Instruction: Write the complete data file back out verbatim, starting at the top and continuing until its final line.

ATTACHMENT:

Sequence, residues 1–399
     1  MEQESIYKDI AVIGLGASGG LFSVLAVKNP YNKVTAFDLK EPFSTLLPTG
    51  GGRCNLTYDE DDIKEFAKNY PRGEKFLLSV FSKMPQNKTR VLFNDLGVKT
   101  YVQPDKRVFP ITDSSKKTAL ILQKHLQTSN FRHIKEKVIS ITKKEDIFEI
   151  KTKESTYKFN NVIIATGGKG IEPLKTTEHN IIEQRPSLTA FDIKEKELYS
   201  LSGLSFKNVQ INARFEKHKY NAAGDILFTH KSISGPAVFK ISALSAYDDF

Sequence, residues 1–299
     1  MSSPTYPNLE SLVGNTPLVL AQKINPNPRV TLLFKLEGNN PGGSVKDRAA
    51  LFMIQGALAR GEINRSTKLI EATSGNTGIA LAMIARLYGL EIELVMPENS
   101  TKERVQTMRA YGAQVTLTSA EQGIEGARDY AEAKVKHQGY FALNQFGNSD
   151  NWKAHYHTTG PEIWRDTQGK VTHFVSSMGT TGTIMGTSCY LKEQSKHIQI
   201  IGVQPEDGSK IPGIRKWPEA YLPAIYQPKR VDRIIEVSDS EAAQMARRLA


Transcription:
Sequence, residues 1–399
     1  MEQESIYKDI AVIGLGASGG LFSVLAVKNP YNKVTAFDLK EPFSTLLPTG
    51  GGRCNLTYDE DDIKEFAKNY PRGEKFLLSV FSKMPQNKTR VLFNDLGVKT
   101  YVQPDKRVFP ITDSSKKTAL ILQKHLQTSN FRHIKEKVIS ITKKEDIFEI
   151  KTKESTYKFN NVIIATGGKG IEPLKTTEHN IIEQRPSLTA FDIKEKELYS
   201  LSGLSFKNVQ INARFEKHKY NAAGDILFTH KSISGPAVFK ISALSAYDDF

Sequence, residues 1–299
     1  MSSPTYPNLE SLVGNTPLVL AQKINPNPRV TLLFKLEGNN PGGSVKDRAA
    51  LFMIQGALAR GEINRSTKLI EATSGNTGIA LAMIARLYGL EIELVMPENS
   101  TKERVQTMRA YGAQVTLTSA EQGIEGARDY AEAKVKHQGY FALNQFGNSD
   151  NWKAHYHTTG PEIWRDTQGK VTHFVSSMGT TGTIMGTSCY LKEQSKHIQI
   201  IGVQPEDGSK IPGIRKWPEA YLPAIYQPKR VDRIIEVSDS EAAQMARRLA